Let’s look at what I have done over the last 35 years in my company called Radel. We started developing musical instruments – electronic musical instruments for the Indian musicians. There were no electronic tanpuras or electronic tablas when I started developing these. I invented these for use by Indian musicians because I knew that they were handicapped by the lack of proper support for their practice and for their travel abroad. That’s how I created the need for these products – I designed the products, and in the process trained many of the engineers on the art of designing electronic circuits, electronic PCBs, and then assembling them and putting them into plastic moulded cabinets. All these activities are done within the four walls of our organisation. This is how we developed the electronic tabla, the electronic tala instrument, the electronic veena, and the engineers were trained on developing software that goes into these products. The engineers were also trained on designing the printed circuit boards on which the electronic components are mounted. And then, the plastic housings which need to be acoustically designed, aesthetically designed, capable of being designed to hold these various components and their parts such that it is easy to manufacture as well as easy to repair and maintain.
This is how we went on to develop a team that learnt the art of designing electronic products. Once we did this, we decided that we could use the same engineers to design not only musical instruments but also hi-tech avionics products for use in Indian aircraft – fighters, as well as Naval ships. We ended up creating a team of engineers that designed and developed the distributor that goes on to the Jaguar aircraft, then a bomb release equipment, an engine starting sequence controller, and various associated ground test equipment which were a hundred percent indigenously designed, manufactured and supplied to HAL, the Indian Air Force, the Indian Navy and various other organisations. This is how, we believe, that we need to create engineers who can participate in this whole ‘Make in India’.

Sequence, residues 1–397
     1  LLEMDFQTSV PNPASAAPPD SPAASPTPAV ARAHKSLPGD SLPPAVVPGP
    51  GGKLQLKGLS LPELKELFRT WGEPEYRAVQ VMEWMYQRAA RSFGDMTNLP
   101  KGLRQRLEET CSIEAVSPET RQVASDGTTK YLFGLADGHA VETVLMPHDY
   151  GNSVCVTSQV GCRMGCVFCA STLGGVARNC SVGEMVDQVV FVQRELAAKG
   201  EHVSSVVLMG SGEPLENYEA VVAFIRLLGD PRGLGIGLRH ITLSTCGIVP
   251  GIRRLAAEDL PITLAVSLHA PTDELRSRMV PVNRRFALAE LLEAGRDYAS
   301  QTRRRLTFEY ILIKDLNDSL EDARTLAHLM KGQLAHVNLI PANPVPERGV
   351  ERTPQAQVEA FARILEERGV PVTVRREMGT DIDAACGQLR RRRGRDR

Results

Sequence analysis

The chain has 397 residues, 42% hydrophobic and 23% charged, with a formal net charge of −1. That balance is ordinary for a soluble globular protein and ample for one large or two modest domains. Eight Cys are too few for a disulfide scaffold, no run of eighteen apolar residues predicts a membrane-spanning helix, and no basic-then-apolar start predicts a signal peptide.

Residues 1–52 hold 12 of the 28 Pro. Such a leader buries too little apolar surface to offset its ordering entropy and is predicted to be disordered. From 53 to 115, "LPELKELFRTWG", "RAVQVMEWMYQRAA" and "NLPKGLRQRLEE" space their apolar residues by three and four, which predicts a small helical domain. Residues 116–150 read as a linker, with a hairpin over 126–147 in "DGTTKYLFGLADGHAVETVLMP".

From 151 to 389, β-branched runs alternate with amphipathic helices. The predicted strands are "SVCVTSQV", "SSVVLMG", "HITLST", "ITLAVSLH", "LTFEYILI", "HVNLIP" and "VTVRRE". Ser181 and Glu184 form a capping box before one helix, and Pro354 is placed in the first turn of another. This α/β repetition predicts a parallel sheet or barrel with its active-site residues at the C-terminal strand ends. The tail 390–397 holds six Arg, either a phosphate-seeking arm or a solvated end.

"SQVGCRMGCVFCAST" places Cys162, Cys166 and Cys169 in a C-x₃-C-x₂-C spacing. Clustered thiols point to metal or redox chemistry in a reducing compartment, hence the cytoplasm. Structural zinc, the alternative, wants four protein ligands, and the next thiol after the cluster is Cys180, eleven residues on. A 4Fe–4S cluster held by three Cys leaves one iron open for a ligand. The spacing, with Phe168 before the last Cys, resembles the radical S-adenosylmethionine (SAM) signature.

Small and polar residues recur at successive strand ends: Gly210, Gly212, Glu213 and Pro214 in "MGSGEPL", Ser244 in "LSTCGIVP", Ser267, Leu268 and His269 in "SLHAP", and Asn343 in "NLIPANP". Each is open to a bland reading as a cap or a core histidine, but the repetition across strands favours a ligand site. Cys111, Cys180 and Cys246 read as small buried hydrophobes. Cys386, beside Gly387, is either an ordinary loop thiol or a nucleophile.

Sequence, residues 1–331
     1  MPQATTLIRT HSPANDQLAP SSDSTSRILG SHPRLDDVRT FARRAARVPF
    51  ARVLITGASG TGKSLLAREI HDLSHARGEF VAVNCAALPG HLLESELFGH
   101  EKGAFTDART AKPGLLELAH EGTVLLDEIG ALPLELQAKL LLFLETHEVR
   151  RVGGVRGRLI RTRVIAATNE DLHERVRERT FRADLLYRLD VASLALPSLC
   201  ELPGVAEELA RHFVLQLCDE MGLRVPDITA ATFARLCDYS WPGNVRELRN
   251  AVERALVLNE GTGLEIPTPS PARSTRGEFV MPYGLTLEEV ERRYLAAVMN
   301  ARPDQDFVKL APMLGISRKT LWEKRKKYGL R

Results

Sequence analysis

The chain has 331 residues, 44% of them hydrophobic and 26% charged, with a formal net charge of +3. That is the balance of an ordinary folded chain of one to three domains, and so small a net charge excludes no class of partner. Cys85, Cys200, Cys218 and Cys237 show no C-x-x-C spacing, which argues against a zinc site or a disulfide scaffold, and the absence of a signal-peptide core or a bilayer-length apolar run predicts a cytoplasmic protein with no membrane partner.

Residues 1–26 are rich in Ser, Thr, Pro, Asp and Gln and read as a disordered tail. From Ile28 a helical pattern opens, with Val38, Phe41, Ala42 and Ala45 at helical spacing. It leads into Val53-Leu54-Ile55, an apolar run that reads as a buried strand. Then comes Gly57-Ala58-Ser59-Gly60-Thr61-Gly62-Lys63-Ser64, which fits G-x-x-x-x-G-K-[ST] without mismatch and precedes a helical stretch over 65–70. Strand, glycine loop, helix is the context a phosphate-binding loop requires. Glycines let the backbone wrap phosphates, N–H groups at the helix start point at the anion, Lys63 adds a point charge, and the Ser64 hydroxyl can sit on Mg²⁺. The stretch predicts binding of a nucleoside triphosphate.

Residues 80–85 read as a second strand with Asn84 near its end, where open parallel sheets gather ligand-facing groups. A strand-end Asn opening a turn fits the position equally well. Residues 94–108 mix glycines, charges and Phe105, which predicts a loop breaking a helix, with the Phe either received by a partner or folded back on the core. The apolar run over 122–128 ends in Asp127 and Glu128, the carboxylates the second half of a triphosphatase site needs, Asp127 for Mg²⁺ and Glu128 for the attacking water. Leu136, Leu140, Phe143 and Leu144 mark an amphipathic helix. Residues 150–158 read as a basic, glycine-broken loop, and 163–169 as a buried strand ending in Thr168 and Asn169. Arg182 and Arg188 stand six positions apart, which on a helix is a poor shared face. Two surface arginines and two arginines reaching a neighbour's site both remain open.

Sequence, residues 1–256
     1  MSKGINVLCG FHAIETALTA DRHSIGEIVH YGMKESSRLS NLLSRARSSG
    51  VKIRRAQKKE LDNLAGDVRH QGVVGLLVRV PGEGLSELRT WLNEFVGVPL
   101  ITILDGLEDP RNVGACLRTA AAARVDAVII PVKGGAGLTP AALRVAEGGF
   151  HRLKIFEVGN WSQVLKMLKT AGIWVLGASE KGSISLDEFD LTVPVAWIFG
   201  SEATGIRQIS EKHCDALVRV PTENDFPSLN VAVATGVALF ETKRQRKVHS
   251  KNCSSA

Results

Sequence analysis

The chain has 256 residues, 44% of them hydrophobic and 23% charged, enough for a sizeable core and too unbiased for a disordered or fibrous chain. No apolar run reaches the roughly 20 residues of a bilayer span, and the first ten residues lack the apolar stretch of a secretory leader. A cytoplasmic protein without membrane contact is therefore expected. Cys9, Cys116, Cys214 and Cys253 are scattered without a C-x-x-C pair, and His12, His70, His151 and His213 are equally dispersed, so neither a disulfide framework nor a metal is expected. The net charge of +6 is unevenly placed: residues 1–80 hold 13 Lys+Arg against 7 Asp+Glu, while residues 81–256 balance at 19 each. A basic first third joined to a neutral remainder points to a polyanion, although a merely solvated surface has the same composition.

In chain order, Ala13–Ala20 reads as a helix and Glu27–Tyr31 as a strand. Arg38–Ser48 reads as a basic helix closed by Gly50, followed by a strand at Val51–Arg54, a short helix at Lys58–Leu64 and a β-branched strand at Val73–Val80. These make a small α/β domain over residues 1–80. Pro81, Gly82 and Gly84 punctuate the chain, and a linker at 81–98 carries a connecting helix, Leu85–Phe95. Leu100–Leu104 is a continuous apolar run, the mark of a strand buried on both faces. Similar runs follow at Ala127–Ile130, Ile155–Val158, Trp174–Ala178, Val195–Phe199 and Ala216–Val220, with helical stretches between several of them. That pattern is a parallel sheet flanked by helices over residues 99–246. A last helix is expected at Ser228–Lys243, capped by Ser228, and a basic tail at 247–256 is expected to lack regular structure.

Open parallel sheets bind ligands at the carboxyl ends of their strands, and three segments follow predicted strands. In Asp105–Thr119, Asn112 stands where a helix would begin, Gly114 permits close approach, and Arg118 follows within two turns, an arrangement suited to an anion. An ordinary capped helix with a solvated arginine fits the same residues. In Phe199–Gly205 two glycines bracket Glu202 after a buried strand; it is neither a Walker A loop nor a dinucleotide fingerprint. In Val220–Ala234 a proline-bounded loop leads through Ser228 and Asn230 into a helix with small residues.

Let’s now look at the common thread that runs through the entire spectrum of creating engineers that meet the need of aerospace and defence on the one extreme and electronic musical instruments or consumer products on the other extreme. The common thread is that we have developed innovative solutions, we have built in a very stringent quality system where the products that are designed, have proven themselves to be extremely reliable, efficient and compact, as required by the aerospace and defence, they are very rugged, and they are also highly miniaturised. This is what we have demonstrated over the 35 years track record of innovation and indigenous development in spite of being an MSME.
Our engineers have got the exposure to the complete product life cycle, right from design, that is – I would say, conceptualisation, design, and also the criticality as associated with Aerospace and Defence. With this 35 year old track record of churning out engineers with the capability to design, manufacture and generate these products, we said we can as well create a separate institution, a vertical, and that’s how the idea of Drona, School of Engineering Practice was born. We have, over the years, trained more than 150 such engineers, who are capable of designing products in the mechanical sector, in the avionics sector, in the consumer electronics sector, PCB design, software design etc, and they have all been absorbed in very reputed MNCs and larger organisations.
We now look forward to training and mentoring such engineers in much larger numbers – and that’s what is going to happen at Drona, School of Engineering Practice.